File image: IOL.
JOHANNESBURG - South Africa’s enforcement agency, the Hawks, are appointing an auditor along with a crack team of specialised investigators to sift through the myriad of Steinhoff International’s third party and extrapolated transactions by former directors and board members of the beleaguered retailer.

The group’s shareholders are demanding accountability on the multi-billion rand scandal.

In an interview yesterday following the release of the retailer’s financial report for the 2018 fiscus, Brigadier Hangwani Mulaudzi said the agency had made a breakthrough in accessing the PricewaterhouseCoopers (PwC) forensic report, which Steinhoff had kept under wraps from law enforcement.

Mulaudzi said intensifying of the investigations would help in identifying the roles played by different directors in the plunder of funds at the retailer, which is now also the focus of investigations by Germany’s authorities.

“We have accessed that PwC report, although Steinhoff did not want to give it to us.

"There are positive leads we are following to identify specific infractions. The investigation is now moving quicker and more swiftly,“ Mulaudzi said.

According to a PwC Advisory Service report released in March, third-party deals are at the heart of an ongoing accounting crisis that’s almost destroyed the global retailer.

Steinhoff identified eight individuals, including former chief executive Markus Jooste and other former senior employees, it said were allegedly responsible for inflating asset and profit values, contributing to $17billion (R249bn) of write downs.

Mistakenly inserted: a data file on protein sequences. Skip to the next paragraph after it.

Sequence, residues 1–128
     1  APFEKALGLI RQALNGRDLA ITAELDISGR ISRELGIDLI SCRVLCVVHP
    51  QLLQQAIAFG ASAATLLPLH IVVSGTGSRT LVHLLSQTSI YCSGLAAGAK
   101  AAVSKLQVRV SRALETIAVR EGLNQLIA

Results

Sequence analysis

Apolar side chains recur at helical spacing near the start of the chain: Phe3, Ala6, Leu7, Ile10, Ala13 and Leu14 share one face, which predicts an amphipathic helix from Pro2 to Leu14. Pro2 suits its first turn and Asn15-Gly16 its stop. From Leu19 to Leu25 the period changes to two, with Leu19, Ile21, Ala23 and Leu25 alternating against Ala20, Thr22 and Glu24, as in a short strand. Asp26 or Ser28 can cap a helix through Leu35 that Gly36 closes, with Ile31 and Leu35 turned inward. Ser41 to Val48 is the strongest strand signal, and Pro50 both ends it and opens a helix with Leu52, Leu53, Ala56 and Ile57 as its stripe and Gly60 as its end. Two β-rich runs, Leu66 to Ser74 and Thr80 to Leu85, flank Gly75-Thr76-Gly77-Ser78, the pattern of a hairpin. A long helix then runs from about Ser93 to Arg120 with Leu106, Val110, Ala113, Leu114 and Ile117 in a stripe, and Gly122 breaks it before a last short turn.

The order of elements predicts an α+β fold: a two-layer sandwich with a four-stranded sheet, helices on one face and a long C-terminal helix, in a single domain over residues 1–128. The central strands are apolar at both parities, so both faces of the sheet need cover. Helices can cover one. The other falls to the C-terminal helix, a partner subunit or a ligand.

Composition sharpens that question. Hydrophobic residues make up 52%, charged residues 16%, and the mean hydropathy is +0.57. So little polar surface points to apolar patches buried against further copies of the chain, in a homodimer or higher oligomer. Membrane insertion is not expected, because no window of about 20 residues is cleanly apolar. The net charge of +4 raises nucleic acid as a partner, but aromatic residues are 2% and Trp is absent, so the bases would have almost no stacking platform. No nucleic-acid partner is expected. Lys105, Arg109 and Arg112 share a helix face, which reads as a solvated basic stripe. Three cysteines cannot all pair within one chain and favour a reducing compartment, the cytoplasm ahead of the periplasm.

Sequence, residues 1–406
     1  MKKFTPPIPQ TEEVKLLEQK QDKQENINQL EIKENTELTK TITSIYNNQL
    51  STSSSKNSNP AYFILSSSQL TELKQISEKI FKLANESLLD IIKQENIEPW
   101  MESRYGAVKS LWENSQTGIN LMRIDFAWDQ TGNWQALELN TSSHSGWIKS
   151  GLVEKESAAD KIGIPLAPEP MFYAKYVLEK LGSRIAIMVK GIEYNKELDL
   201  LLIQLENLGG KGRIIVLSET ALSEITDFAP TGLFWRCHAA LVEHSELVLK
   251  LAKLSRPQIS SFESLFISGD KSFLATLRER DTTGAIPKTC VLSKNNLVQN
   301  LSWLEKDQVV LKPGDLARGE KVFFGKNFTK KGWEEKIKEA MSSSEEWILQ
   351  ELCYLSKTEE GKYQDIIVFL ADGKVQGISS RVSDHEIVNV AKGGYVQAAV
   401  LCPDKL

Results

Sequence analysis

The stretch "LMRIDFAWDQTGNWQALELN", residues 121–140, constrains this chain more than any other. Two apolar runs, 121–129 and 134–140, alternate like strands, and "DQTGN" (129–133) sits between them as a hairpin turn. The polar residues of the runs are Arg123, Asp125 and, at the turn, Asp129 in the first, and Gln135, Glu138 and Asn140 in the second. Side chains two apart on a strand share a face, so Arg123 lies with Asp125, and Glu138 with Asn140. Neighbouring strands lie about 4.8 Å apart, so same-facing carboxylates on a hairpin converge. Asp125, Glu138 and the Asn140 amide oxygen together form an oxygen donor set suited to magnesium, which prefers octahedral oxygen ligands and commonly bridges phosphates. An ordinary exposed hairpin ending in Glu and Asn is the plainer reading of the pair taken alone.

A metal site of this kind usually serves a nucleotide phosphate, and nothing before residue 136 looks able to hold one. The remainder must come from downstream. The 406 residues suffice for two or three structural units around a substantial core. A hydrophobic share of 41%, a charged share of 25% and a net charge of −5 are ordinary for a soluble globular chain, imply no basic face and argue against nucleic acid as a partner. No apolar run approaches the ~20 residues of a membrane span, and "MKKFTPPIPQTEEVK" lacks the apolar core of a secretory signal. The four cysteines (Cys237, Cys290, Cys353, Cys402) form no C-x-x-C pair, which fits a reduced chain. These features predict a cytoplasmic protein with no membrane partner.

The PwC’s investigation revealed that a small group of unnamed Steinhoff former executives and other non Steinhoff executives, led by a senior management executive, structured and implemented various transactions over a number of years, which substantially inflated the profit and asset values of the group over the period from 2009 to 2017.

A pattern of communication emerged, according the report, which shows the senior management executive instructing a small number of other Steinhoff executives to execute those instructions, often with the assistance of a small number of persons not employed by the Steinhoff Group.

“The transactions identified as being irregular are complex, involved many entities over a number of years and were supported by documents including legal documents and other professional opinions that, in many instances, were created after the fact and backdated,” the report noted.

BUSINESS REPORT